No Fair at Erin Cluley Gallery, April 17–May 15, 2021
Madelyn Sneed-Grays’ portraiture makes a quick appearance here. It’s gorgeous, but also interesting; delicate, but technically sound. Astute without being showy. This show is another part of the Dallas Art Fair interim — the stopgap for two Dallas Art Fair seasons (traditionally big-buck affairs) that have gone missing during the pandemic. Right now, ahead of the (often lighter) summer group-show season, a lot of galleries are hosting stable-defining group shows. At any rate, I’m elated to check in with as many local favorites as possible (and to meet a new crop of artists as well).
Texas Vignette Pop-Up, 2816 Main Street, May 15, 2021
Texas Vignette is the Dallas art fair that could; from years 2017–2019, it provided women artists with exhibition opportunities concurrent with Dallas Art Fair Week. (The Vignette Art Fair has thus far taken place in The Women’s Museum Building in Fair Park.) Upcoming fair dates for Texas Vignette are tentatively postponed until fall of this year, and in lieu of the scheduled fair for 2020, Texas Vignette organized five grants in the amount of $2,000 for artists who submitted works to the event that Covid spoiled.
For this pop-up event in Deep Ellum, Haydee Alonso, Ann Johnson, Rehab El Sadek, Lisa E. Harris, and Tammy Melody Gomez present work, and seeing an art show in Deep Ellum is surprising these days, as all of the formerly abandoned warehouses and metal shops have tenants now. If exhibition organizers can keep this up, Deep Ellum will be one of the few neighborhoods in Dallas where one can actually experience street life and contemporary art on the same strip.
Tammy Melody Gomez’s installation features a cell clothed in black. The presentation is interactive; a sign on a table requests that participants write a statement describing their modes of self-censorship while out in public. This is an excellent exercise — maybe especially for art-goers. How do you perceive your own behavior in response to expectations? You may lay your burden down at the sculpture for others to read once you have moved on.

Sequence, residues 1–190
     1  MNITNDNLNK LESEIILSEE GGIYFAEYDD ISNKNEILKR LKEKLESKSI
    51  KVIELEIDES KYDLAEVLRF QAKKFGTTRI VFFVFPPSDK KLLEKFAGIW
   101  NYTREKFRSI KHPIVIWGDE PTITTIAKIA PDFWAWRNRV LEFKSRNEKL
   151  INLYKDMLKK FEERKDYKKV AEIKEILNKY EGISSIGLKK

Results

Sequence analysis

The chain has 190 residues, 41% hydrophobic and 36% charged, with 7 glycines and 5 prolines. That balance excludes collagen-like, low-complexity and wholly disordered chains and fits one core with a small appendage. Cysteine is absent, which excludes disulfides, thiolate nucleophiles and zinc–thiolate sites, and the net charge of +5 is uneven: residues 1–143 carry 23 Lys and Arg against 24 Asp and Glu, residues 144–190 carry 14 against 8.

Lyès-Olivier Sidhoum: Source; and Carole A. Feuerman at Markowicz Fine Art, April 29–June 19, 2021
This French-originated, contemporary gallery at the border of the Design District and Oak Lawn is so packed with things to look at, it’s too bad that the space is really just a showroom.
Markowicz deals in established contemporary artists, with a hefty representation of French work. Lyès-Olivier Sidhoum’s radial forms are the result of the artist’s meditative routine. He began as a street artist as a pre-teen, before committing to a professional practice in New York and Hong Kong. The pieces are printed with an archival UV process, and look as soft as silt underneath the acrylic barrier.
Carole A. Feuerman, another established artist, has a few hyperrealist sculptures of bathers in the space. Aside from the striking figurative model, the varied surface textures manage to stop time.
Matthew Cusick: Of All This World at Once at Holly Johnson Gallery, May 15–July 31, 2021
Cusick’s exhibition features maps cut and collaged into representational images. For this show, he’s taken the waters of the globe and formed them into giant wave crests. There are a couple pieces in the viewing room which focus on more human imagery, making the most of the color palette these cartographs offer.
Natalie Sirett: Kevin, Wishes & Charms at Ro2 Art, April 17–May 15, 2021
London-based Sirett is in remission from cancer, and her series K is for Kevin is the outcome of 10 months of treatment. During chemotherapy, she kept a ‘steroid-fuelled’ diary, and embroidered those thoughts onto 50 antique handkerchiefs. The collection of textiles, exhibited on the wall, is a reminder that there are many kinds of ‘new normal.’ Carolyn Lazard, a U.S.-based artist and writer, has covered the medical logic of subprime bodily function, and that dialogue feels present in this work as well.